Felex Share | allafrica.com | 12 November 2012
Expensive mortgages have forced desperate home seekers to turn to housing co-operatives that have sprouted throughout Zimbabwe. Most high and middle-income earners can get houses and residential stands through loans from banks and lending institutions at an agreed interest rate.
The agreed term can be up to 15 years.
However, according to a survey by The Herald stands in medium and low-density areas range between US$5 000 and US$90 000.
The price range has made it impossible for the ordinary person to own a stand or a house.
Most council stands in high-density areas cost an average of US50 cents per square metre.
While mortgages are open to everyone, low-income earners could pay almost all their salaries in mortgage redemption.
Civil servants who constitute the bulk of home seekers earn at least US$300 a month and do not qualify for mortgage bonds.
Others in the private sector have difficulties raising deposits of up to a third of the value of the property. Repayments demanded are also beyond their means.
Mortgage loans at FBC Holdings attract a 15 percent interest repaid over 10 years.
The bank has housing units in Glaudina, Waterfalls, Helensvale and Philadelphia.
Some of the houses require a deposit of US$17 000 and a US$900 monthly payment for the agreed years. Failure to service the mortgage payments would lead to the bank repossessing the house or stand.
The stand or house would be resold for the bank to recoup its money.
A stand sold under housing cooperatives is sold at intrinsic value hence the rush by many people to join housing cooperatives. Zimbabwe National Association of Housing Co-operatives executive director Mr Ticharwa Kagu said Harare had 2 050 registered co-operatives.ZINAHCO is the apex body for housing co-operatives in Zimbabwe.
Mr Kagu said housing co-operatives had contributed significantly to ease housing shortages in Zimbabwe in the past decade.
He, however, said the environment was still not conducive for low-income earners to access affordable housing. Zimbabwe has a housing backlog of over one million people.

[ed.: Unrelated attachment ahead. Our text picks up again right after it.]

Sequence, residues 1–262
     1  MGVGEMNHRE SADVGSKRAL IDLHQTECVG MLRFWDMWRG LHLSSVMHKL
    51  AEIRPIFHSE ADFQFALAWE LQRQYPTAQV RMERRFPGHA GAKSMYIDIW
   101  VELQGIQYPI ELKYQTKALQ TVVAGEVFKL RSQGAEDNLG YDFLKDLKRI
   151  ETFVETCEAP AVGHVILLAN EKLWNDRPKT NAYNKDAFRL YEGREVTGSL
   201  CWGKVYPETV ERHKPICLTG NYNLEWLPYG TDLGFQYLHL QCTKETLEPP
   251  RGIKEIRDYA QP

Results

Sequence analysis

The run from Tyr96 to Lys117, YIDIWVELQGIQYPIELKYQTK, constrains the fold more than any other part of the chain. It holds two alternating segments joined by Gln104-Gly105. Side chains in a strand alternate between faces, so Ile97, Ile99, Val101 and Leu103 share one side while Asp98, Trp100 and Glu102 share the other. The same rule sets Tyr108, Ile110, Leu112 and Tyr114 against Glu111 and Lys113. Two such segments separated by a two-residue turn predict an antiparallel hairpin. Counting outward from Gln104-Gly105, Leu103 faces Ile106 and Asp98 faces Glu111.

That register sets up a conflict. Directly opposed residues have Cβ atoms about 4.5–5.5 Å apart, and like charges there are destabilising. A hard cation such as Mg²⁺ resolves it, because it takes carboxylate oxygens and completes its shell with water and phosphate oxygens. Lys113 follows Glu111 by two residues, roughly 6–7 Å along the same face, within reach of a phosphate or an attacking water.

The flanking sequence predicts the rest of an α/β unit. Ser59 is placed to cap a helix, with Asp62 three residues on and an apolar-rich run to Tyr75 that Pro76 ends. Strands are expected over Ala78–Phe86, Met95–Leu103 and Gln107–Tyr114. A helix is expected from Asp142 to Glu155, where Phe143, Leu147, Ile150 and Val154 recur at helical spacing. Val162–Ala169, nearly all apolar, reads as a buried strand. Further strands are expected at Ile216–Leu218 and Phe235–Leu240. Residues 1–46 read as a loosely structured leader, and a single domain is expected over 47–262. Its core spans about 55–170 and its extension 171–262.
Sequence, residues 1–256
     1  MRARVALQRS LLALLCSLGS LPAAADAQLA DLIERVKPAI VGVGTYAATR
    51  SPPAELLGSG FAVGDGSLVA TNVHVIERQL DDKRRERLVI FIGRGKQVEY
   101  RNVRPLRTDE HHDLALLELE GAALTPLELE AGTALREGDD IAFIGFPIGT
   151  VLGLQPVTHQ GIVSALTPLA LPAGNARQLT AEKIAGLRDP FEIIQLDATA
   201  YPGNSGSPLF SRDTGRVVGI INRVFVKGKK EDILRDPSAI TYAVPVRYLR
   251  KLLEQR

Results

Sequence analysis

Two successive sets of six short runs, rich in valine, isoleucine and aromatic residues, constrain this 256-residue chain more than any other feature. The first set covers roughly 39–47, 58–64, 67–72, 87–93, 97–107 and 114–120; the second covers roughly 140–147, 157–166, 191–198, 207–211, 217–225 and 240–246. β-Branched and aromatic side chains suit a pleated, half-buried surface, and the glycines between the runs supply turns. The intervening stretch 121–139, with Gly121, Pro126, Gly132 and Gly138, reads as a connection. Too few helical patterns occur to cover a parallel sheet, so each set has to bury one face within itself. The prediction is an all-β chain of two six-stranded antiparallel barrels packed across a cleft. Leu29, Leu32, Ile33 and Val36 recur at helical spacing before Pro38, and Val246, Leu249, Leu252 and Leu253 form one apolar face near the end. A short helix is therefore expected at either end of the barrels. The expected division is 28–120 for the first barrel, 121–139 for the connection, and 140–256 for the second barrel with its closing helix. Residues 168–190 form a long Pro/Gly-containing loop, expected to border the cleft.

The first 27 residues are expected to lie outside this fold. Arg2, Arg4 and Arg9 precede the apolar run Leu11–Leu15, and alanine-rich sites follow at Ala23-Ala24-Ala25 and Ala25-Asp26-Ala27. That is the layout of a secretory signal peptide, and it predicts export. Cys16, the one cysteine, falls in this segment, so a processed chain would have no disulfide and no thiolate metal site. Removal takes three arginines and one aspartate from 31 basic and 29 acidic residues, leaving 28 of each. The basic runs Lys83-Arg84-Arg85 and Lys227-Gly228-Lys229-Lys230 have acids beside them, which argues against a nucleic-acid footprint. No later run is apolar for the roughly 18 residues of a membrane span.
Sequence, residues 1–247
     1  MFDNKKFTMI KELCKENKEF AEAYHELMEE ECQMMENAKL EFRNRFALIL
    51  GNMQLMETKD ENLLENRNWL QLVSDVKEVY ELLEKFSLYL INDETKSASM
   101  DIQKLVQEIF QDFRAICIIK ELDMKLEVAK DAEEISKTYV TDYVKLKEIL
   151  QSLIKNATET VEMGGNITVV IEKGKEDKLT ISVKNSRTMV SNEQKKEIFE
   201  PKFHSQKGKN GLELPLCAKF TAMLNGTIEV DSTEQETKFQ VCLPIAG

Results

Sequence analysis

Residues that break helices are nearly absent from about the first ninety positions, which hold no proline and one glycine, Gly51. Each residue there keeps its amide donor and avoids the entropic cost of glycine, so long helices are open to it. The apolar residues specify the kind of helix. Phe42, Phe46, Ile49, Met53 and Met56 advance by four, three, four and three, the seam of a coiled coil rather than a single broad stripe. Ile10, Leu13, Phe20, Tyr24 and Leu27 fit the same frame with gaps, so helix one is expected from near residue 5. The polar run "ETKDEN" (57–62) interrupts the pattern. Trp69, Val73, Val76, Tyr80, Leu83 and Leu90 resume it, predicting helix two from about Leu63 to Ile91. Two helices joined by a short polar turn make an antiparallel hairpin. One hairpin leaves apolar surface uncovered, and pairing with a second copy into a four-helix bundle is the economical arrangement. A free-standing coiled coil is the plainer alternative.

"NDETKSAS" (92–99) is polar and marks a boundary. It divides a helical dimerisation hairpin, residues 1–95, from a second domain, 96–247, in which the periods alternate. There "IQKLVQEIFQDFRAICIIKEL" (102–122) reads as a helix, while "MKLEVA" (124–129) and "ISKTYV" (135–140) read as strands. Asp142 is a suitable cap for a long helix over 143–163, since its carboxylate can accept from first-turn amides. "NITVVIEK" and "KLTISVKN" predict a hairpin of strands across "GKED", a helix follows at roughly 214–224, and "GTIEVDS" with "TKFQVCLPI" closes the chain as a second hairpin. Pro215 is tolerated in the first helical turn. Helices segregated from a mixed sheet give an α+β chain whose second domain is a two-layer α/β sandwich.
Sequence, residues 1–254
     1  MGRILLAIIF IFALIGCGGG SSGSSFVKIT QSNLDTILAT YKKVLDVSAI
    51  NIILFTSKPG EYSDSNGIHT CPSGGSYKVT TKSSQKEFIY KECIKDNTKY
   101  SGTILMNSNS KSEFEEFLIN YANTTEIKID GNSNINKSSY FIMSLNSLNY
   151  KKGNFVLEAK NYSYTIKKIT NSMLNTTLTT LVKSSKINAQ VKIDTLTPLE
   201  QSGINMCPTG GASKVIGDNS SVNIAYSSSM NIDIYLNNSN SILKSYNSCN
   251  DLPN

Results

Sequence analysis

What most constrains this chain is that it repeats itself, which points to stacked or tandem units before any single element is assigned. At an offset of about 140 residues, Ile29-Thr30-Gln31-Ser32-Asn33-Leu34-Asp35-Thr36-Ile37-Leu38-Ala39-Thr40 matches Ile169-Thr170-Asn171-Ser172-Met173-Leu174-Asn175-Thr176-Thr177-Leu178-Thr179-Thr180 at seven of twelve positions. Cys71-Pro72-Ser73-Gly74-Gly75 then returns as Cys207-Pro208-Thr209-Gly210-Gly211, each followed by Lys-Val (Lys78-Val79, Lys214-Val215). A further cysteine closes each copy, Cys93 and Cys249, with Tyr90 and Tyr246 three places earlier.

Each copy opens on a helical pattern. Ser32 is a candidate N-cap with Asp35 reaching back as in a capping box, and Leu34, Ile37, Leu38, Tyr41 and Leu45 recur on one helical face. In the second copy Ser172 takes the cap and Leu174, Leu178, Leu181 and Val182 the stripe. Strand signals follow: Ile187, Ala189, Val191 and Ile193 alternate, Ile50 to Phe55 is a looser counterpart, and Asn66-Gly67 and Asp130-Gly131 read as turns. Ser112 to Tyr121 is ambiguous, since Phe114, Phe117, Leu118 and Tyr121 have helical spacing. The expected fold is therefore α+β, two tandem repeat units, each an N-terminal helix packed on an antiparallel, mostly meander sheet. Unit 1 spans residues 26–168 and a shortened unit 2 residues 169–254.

"Government and local authorities have been allocating undeveloped land to housing co-operatives and these co-operatives have been servicing the land and this is a difficult task," said Mr Kagu. "Servicing of the stands includes engineering designs, the roads, and sewer and water reticulation systems." He said local authorities were offering little help in installing offsite and onsite infrastructure.
"This means that co-operatives have to put in place infrastructure on their own, taking off a big chunk of resources which could be used for housing development," he said.
Mr Kagu denounced the "politicisation of co-operatives". He said genuine co-operatives losing significance as more focus was placed on errant and bogus housing cooperatives.
Housing co-operatives, Mr Kagu said, were self-administered institutions. "They are legal and autonomous entities. They select their own administrative bodies such as the management and supervisory committees.
"The Co-operative Societies Act Chapter 24:05, the by-laws and the Co-operative Development Policy of 2005 are the legal instruments that are used by respective co-operatives in administering their affairs."
He said the Land Developers Bill being pushed by Government would protect the interests of co-operative members. "The National Housing Policy also has provisions for cleaning up errant housing co-operatives and getting them de-registered. The policy calls it the cleaning up of briefcase co-operatives."
A Harare City Council official said the city had plus or minus 40 000 residents on its housing waiting list. "This is not a reflection of the housing backlog we have as some people might fail to register with us," the official sad.
"The delays that are there in securing a stand might result in some losing faith and pulling out while some will not come forward for registration."